International Geologiical Congress - Oslo 2008

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SDD-01 Scientific drilling

 

The Petén Itzá Scientific Drilling Project: A 200-ka record of climate change in lowland Central America

 

Flavio Anselmetti, Swiss Federal Institute of Aquatic Science & Technology (Eawag) (Switzerland)
David Hodell, University of Florida (United States)
Daniel Ariztegui, University of Geneva (Switzerland)
Mark Brenner, University of Florida (United States)
Jason Curtis, University of Florida (United States)
Jaime Escobar, University of Florida (United States)
Adrian Gilli, ETH Zürich (Switzerland)
Dustin Grzesik, University of Florida (United States)
Steffen Kutterolf, IFM-GEOMAR (Germany)
Andreas Mueller, ETH Zürich (Switzerland)
 

 

As part of an ICDP drilling campaign, 1327 m of lake sediment were recovered in early 2006 at seven sites in Lake Petén Itzá, a closed basin lake in northern Guatemala. The completely recovered sediments provide a record of terrestrial climate change from lowland Central America extending back to 200 ka. Research has focused thus far on Site PI-6 at a water depth of 71 m where three holes were drilled to a maximum depth of 75.9 mblf (85 ka).
Due the lake's closed hydrology, water level fluctuates strongly controlled by past evaporation/precipitation patterns. As a consequence, Lake Petén Itzá's sediments respond accordingly and vary between gypsum-rich lithologies (lowstand) and clay-rich units (highstands). Interpreting this climate-sensitive sedimentologic succession, we found that Petén climate varied between wetter conditions during interstadials and a drier state during stadials of Marine Isotope Stage (MIS) 3. The most arid periods coincided with Heinrich Events in the North Atlantic and reductions in the strength of meridional overturning circulation. The pattern of clay-gypsum (wet-dry) oscillations during MIS 3 closely resembles the temperature record from Greenland ice cores and North Atlantic marine sediment cores and precipitation proxies from the Cariaco Basin.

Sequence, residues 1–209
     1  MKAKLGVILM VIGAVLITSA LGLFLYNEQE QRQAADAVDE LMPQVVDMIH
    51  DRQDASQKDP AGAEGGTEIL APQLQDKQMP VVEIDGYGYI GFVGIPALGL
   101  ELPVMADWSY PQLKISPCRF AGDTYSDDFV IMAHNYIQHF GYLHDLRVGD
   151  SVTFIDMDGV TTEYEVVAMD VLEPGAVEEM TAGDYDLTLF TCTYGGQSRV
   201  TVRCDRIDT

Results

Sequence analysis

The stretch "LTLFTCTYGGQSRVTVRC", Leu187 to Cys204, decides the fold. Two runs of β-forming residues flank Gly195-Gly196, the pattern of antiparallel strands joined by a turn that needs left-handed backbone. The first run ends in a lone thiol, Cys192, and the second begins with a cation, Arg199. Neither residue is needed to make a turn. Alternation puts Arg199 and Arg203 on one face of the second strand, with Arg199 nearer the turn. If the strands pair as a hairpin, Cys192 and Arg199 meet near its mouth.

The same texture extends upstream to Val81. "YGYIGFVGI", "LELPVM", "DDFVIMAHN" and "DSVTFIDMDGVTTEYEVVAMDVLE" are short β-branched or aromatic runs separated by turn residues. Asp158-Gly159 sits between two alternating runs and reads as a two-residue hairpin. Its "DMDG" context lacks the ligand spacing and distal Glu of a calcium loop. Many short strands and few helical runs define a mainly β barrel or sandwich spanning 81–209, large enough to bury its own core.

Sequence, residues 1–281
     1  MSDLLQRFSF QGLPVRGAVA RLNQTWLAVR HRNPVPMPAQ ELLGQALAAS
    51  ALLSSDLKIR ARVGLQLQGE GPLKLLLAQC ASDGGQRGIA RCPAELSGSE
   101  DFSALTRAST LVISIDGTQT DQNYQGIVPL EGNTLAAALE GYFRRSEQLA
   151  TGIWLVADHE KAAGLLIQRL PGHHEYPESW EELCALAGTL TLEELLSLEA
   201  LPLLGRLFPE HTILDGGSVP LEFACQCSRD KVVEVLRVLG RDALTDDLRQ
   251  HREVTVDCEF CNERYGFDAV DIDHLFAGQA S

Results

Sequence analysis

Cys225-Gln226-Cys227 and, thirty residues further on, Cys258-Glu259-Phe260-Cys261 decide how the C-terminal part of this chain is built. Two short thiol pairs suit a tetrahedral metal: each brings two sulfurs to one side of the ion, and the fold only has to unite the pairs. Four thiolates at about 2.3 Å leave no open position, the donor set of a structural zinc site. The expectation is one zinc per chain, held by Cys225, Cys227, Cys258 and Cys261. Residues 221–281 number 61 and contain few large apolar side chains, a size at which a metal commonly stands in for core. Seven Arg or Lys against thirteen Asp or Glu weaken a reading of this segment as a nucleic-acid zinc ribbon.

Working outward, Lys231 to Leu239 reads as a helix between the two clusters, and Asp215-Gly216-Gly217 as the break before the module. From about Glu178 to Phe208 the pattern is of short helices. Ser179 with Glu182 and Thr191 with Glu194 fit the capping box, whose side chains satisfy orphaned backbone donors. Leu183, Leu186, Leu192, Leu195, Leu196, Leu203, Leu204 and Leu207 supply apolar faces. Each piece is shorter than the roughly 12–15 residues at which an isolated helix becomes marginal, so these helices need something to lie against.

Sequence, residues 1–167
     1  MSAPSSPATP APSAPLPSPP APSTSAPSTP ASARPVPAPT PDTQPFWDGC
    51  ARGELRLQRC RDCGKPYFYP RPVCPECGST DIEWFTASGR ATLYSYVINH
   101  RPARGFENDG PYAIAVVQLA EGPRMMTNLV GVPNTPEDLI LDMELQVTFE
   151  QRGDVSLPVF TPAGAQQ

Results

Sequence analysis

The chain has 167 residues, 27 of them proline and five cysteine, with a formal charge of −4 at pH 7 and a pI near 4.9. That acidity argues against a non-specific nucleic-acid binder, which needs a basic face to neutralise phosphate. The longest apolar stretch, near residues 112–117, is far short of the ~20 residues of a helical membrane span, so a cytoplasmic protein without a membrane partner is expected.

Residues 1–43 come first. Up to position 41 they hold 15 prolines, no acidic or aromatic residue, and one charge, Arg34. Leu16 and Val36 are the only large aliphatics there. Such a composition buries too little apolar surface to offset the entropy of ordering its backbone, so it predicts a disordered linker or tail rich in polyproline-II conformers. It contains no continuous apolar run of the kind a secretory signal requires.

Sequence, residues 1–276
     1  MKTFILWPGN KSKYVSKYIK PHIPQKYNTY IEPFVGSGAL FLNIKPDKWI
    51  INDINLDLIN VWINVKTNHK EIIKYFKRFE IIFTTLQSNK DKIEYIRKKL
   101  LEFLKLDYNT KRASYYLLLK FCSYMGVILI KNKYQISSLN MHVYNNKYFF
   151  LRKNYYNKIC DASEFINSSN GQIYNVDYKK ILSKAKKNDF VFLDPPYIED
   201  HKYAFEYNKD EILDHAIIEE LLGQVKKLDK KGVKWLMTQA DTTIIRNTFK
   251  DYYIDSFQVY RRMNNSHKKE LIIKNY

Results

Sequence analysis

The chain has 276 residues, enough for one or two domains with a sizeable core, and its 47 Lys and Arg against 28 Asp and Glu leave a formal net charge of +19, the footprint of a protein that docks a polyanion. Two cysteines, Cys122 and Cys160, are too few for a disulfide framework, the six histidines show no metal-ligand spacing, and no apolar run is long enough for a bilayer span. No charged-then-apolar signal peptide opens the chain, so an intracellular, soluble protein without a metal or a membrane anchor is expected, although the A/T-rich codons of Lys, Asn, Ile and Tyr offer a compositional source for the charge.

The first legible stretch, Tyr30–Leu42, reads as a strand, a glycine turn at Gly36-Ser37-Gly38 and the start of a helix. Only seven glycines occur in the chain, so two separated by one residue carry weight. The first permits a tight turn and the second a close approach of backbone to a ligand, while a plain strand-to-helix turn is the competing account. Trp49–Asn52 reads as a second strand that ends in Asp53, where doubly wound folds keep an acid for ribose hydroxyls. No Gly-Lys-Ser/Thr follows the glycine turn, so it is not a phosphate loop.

Contrary to previous findings, the Last Glacial Maximum (LGM) from ∼23 to 18 ka was moist in the Petén lowlands and vegetation consisted of a temperate pine-oak forest. Greater moisture availability was likely related to increased winter precipitation associated with frequent polar outbreaks (i.e., cold fronts) or "Nortes" (northerly winds), which occasionally bring rain to northern Guatemala today during the dry season. At the end of the LGM, Petén climate switched from moist to arid conditions from 18 to 14.7 ka. Moister conditions prevailed during the warmer Bolling-Allerod (14.7 to 12.8 ka), with the exception of a brief return to dry conditions at 13.8 ka. The onset of the Younger Dryas at 12.8 ka marked the return of dry conditions. Pollen assemblages indicate that a mesic forest had been largely established by 11.3 ka, but sediment properties suggest that the lake continued to precipitate gypsum until 10.35 ka. Our results support the hypothesis that summer precipitation was controlled by migrations in the meridional position of the Atlantic ITCZ during the MIS 3 and the last deglaciation. The ITCZ was located farther south during cold periods, especially during Heinrich Events, and arid conditions prevailed in the northern hemisphere Neotropics.
The deepest section of hole PI-7, reaching a maximum subsurface depth of 133 m, recovered below an unconformity an older sedimentary section that, according to a first tephrachronlogy, dates back to ∼200 ka, providing a so far unmatched archive of terrestrial climate change in the Central Americas.

 

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